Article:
Serving rude restaurant guests leaves you with very few options. In order to maintain my faith in humanity, I tend to chalk it up to a bad day or having a bit too much to drink. Sometimes you just have to grin and bear it knowing that they will be gone in a few hours and never heard from again. I even find some solace in believing that when they wake up in the morning they might stop to consider how rude they were the night before. Last night, I encountered a past guest that may make me reconsider my philosophy.
Last night was a fairly typical night off. I was meeting a friend for a quick bite at a bar not far from where I work when I noticed a lady walking towards me. She asked me if I had been her waiter the night before. I said that was quite possible, then I recognized her as part of the large party from the previous evening. I wondered to myself if this was the moment when my theory would be validated as the rude restaurant guest would apologize for her party’s behavior.
Their visit to the restaurant was memorable for a couple of reasons. The first was the volume of the table. The second was the less-than-appropriate topics of conversation at the table. While discussing lesbianism on the Vassar campus at the top of your lungs might be somewhat appropriate at a bar, it is not really something that the entire dining room needs to hear at a nice restaurant. The table next to them made a comment to me, and the other server said that her guests mentioned it to her. Soon, all of the tables in the restaurant had departed or gone down to our jazz club to get some peace and quiet. When the party noticed this, they joked about their ability to clear out a dining room.
Then they decided to turn their focus to me. The same guest who was now approaching me on the street was telling me that I didn’t seem to be enjoying their party and that I seemed annoyed with them. The reality was that I was probably the least annoyed of anyone in the dining room with their antics. I would at least be receiving a tip for tolerating their crass and inappropriate behavior. When they finally left, it was just under two hours after the kitchen had closed. The dishwasher and busser were long gone. I cleared the table, washed the glasses, and reset the room as my fellow servers asked, “What was up with your party?”
So as the rude restaurant guest confirmed my identity, I was thinking of ways to graciously accept her apology. The conversation went in a far different direction.
She proceeded to inform me that she was an event planner and that she was very disappointed in her experience. She then said that while the service was great, it was apparent that I was annoyed with her table. I was informed that if I had cut loose and had fun with her table, it would have been a “windfall” for me. She acknowledged that they might have been a bit excited, but that they were just celebrating. Several minutes of this lecture were wrapped up under the guise of “constructive criticism” and “things she thought I should know.”
In this moment I had a few decisions to make. I could certainly have told her that their behavior was entirely inappropriate and that my annoyance was mild compared to what was being expressed by the other tables in the dining room. I could have pointed out that two sober members of her party apologized separately for the behavior of their group. I could have pointed out that my job is to provide exemplary service and that “joining in their party” is not part of my job description, especially when other tables were upset that I would not scold them. I could have pointed out my three best server awards, that I wrote a book on serving, and my nearly two decades of experience. I could have pointed out that in all my years working in bars, I rarely encountered a group of college kids that were as poorly behaved as her group was. I know that this would not have ended until she ran away in tears. I have never told a guest off, and the pent-up rage I have as a result should never be unleashed.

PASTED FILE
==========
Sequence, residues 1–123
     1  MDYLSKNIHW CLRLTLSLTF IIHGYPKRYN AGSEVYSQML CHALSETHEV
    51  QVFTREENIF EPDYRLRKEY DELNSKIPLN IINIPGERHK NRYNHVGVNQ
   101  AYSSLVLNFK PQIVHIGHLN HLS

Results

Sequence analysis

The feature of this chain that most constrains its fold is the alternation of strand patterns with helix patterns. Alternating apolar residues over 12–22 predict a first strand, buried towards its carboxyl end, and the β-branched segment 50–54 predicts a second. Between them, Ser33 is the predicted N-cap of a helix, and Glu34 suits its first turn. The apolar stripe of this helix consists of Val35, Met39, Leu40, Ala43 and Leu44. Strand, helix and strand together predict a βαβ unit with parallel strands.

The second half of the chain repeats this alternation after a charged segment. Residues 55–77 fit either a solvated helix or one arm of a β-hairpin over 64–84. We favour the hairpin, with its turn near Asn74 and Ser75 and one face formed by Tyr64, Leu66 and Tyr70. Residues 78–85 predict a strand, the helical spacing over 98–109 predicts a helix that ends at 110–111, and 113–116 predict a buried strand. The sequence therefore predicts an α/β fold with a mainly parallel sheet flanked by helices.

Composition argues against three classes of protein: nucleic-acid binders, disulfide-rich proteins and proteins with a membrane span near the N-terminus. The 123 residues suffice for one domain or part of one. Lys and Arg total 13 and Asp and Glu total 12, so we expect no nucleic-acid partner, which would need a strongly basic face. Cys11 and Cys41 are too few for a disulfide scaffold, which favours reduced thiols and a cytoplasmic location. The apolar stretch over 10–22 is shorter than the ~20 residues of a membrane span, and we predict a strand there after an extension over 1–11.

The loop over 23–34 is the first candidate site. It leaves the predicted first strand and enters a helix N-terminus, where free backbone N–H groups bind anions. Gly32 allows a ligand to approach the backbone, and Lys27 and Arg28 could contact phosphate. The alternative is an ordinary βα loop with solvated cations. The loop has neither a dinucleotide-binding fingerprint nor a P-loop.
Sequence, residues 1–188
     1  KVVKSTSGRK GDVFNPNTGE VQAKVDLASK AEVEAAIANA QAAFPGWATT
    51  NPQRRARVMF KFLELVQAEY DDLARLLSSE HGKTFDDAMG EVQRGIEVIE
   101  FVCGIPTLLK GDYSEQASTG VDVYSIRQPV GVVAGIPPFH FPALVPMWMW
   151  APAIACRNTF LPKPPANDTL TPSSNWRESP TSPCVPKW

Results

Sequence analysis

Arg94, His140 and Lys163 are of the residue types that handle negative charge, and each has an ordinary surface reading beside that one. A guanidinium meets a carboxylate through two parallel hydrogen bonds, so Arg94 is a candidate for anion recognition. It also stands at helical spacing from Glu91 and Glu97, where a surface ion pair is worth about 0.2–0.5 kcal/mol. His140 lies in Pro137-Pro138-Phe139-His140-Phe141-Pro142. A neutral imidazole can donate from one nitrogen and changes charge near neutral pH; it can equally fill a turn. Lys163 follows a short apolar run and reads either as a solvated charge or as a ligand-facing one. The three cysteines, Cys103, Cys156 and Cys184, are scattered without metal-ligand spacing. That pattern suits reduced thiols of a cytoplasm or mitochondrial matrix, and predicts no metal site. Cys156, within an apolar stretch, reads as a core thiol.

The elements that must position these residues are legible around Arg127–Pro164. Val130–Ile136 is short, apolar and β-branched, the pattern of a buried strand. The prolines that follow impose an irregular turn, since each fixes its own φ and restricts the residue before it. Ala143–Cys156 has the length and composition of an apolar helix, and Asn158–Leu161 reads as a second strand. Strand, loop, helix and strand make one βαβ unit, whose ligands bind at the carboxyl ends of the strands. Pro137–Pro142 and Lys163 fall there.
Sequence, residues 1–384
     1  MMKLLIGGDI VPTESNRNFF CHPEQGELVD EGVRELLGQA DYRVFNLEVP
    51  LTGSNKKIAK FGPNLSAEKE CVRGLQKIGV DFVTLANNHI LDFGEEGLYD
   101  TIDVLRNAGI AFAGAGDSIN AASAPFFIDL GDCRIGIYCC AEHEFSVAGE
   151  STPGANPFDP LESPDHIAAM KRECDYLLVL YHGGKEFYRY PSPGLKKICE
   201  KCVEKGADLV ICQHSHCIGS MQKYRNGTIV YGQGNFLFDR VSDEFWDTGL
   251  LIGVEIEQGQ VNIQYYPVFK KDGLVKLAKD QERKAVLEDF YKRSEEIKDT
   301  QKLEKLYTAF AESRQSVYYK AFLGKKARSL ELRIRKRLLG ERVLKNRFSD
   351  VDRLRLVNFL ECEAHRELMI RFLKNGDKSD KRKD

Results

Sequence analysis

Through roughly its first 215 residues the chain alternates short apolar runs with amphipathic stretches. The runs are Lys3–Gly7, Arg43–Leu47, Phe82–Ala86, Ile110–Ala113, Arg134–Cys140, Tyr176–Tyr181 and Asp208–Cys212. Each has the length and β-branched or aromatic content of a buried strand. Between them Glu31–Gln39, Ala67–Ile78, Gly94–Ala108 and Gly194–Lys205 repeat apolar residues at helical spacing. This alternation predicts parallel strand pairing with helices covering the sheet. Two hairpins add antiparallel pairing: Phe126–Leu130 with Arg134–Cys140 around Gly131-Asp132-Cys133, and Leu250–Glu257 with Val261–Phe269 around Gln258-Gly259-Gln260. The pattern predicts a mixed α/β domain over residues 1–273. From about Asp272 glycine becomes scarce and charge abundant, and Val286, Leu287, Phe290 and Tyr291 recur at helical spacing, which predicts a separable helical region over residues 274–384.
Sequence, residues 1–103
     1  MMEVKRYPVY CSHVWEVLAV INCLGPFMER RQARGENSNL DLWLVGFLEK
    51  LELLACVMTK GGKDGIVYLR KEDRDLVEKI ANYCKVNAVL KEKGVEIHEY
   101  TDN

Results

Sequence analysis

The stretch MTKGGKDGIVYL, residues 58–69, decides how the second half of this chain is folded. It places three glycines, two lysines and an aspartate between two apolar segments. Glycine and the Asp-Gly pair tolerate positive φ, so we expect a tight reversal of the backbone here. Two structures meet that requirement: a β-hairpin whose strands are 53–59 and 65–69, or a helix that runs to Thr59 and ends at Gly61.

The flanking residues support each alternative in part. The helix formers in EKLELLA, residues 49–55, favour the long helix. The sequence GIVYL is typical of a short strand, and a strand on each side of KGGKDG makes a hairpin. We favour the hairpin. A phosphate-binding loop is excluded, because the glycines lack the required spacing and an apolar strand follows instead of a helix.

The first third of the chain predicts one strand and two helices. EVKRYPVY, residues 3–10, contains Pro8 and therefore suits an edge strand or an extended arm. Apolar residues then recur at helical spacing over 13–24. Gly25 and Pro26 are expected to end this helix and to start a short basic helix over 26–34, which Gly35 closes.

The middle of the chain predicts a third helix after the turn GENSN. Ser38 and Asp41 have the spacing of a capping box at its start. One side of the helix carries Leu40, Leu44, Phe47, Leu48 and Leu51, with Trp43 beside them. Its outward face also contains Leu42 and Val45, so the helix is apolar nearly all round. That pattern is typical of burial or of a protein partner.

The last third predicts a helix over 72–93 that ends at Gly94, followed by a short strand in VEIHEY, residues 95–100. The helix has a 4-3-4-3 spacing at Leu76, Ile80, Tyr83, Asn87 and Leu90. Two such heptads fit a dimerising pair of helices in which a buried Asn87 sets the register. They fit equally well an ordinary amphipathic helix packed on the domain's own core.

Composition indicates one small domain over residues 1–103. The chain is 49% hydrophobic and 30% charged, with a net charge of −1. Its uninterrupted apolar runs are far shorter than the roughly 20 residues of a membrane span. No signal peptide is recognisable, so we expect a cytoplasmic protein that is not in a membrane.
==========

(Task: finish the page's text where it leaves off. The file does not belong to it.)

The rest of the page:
Instead, I simply said, “I’m sorry you felt that way, and I will keep that in mind in the future.”
This seemed to frustrate her even more.
At the end of the day, despite making $3.63 per hour, I never get to be off work. She still has the option to leave terrible reviews across the internet. She still has the option of calling and complaining to my boss to try to cost me my job. She could have escalated it into an even larger disruption of my day off. The one option she did not receive was to feel self-satisfaction in knowing that her rudeness helped some lowly server be better at his job.
“I’m sorry you felt that way, and I will keep that in mind in the future.”
I went back in the bar and told the story to the bartender. We had a good laugh and then I said, “It is times like this when I really wish I had a network of websites set up where I could share this story with others.” We both had a good chuckle and I resumed my evening. My thoughts drifted since to how many other occupations carry this same burden.
If I ran across the person who processed my forms at the DMV, I probably would not approach them with ideas about how they could improve their customer service. I doubt this lady would either, although in her case I might be mistaken. Guests seem to feel they have a fundamental right to offer servers direct and verbal “advice” on how to do a job they have never done. In this case, it wasn’t even about the mechanics of how I did my job, but about my personality. Not exactly how I expected to spend my night off, but it resulted in one very happy thought.
“I think I know what my next blog post will be about.”